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Association study of a polymorphism of the CTGF gene and susceptibility to systemic sclerosis in the Japanese population
  1. Y Kawaguchi1,
  2. Y Ota1,
  3. M Kawamoto1,
  4. I Ito2,
  5. N Tsuchiya2,
  6. T Sugiura1,
  7. Y Katsumata1,
  8. M Soejima1,
  9. S Sato3,
  10. M Hasegawa4,
  11. M Fujimoto4,
  12. K Takehara4,
  13. M Kuwana5,
  14. H Yamanaka1,
  15. M Hara1
  1. 1
    Tokyo Women’s Medical University, Tokyo, Japan
  2. 2
    University of Tsukuba, Tsukuba, Japan
  3. 3
    Nagasaki University Graduate School of Biomedical Sciences, Nagasaki, Japan
  4. 4
    Kanazawa University Graduate School of Medical Science, Kanazawa, Japan
  5. 5
    Keio University School of Medicine, Tokyo, Japan
  1. Correspondence to Dr Y Kawaguchi, Institute of Rheumatology, Tokyo Women’s Medical University, 10-22 Kawada-cho, Shinjuku-ku, Tokyo 162-0054, Japan; y-kawa{at}ior.twmu.ac.jp

Abstract

Objectives: To validate the association of a single nucleotide polymorphism (SNP) of the connective tissue growth factor gene (CTGF) with susceptibility to systemic sclerosis (SSc) in the Japanese population.

Methods: 395 Japanese patients with SSc, 115 patients with rheumatoid arthritis and 269 healthy Japanese volunteers were enrolled in the study. An SNP (rs6918698) at –945 bp from the start codon in the promoter region of the CTGF gene was determined by allelic discrimination with the use of a specific TaqMan probe.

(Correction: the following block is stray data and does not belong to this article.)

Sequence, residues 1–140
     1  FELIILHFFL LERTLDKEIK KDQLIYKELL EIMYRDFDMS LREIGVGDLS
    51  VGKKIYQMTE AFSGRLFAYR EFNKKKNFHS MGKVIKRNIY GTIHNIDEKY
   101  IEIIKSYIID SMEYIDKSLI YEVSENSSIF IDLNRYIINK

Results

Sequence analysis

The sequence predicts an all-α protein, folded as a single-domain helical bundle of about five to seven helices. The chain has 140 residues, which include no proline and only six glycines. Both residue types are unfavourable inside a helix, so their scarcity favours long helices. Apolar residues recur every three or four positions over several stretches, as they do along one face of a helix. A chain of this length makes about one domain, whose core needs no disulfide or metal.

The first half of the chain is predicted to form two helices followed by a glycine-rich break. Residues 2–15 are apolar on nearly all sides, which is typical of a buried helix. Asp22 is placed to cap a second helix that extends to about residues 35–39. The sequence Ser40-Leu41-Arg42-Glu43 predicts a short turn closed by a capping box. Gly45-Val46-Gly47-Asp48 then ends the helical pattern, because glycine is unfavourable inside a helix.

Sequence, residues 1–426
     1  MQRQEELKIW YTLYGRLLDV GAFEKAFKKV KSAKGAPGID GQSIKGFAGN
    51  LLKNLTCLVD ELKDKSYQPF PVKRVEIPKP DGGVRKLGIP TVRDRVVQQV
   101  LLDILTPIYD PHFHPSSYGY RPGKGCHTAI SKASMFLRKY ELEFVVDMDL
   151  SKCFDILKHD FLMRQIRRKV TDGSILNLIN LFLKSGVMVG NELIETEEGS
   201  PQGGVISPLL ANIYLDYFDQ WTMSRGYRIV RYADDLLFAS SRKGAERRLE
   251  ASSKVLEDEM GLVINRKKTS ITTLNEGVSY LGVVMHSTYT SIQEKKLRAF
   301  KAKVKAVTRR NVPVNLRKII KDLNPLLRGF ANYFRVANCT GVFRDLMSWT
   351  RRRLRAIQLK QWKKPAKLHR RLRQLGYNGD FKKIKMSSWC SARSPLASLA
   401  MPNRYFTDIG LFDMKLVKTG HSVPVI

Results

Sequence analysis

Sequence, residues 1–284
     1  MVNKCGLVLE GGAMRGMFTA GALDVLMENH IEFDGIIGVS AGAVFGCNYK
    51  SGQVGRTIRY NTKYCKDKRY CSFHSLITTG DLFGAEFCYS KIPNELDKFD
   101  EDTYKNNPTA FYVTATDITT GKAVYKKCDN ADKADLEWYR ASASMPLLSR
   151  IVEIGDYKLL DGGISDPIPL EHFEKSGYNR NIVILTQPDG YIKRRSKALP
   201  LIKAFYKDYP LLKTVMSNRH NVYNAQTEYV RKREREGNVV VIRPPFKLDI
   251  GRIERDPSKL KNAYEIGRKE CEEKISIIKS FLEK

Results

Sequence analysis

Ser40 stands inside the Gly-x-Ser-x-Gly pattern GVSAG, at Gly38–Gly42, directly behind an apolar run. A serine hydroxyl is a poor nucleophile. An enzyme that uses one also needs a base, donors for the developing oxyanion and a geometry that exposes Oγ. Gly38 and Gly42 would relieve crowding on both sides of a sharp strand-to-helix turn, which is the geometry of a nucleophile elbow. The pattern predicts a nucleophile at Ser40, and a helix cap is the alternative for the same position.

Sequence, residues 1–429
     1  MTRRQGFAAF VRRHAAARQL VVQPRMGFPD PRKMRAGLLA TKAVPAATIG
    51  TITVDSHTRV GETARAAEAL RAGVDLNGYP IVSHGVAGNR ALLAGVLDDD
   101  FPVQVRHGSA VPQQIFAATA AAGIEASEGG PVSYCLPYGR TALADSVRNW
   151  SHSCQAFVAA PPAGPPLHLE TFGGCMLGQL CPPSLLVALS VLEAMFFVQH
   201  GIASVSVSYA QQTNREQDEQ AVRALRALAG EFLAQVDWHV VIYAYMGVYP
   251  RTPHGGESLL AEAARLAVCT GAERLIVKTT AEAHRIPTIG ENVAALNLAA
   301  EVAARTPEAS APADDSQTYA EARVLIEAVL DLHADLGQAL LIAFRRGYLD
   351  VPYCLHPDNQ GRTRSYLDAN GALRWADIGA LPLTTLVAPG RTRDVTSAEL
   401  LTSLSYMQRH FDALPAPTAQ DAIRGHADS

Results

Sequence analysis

Results: The G allele showed a significantly higher frequency in patients with SSc than in controls (p<0.001; odds ratio 1.5; 95% confidence interval 1.2 to 1.9). In particular, the clinical subsets of SSc showed a more significant association between the G allele and diffuse cutaneous SSc (p<0.001) and the presence of interstitial lung disease (p<0.001), the presence of anti-topoisomerase I antibody (p<0.001) and anti-U1RNP antibody (p = 0.010). Association analyses using the genotype of the SNP yielded results similar to those of analyses using the allele.

Conclusions: This study confirms the association between an SNP in the CTGF gene and susceptibility to SSc, especially in the presence of diffuse cutaneous SSc, interstitial lung disease and anti-topoisomerase I antibody. The results strongly suggest that this SNP may be a powerful indicator of severe skin and lung involvement in patients with SSc.

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Footnotes

  • Funding This work was supported by scleroderma research grants from the Ministry of Health, Labour and Welfare in Japan.

  • Competing interests None.

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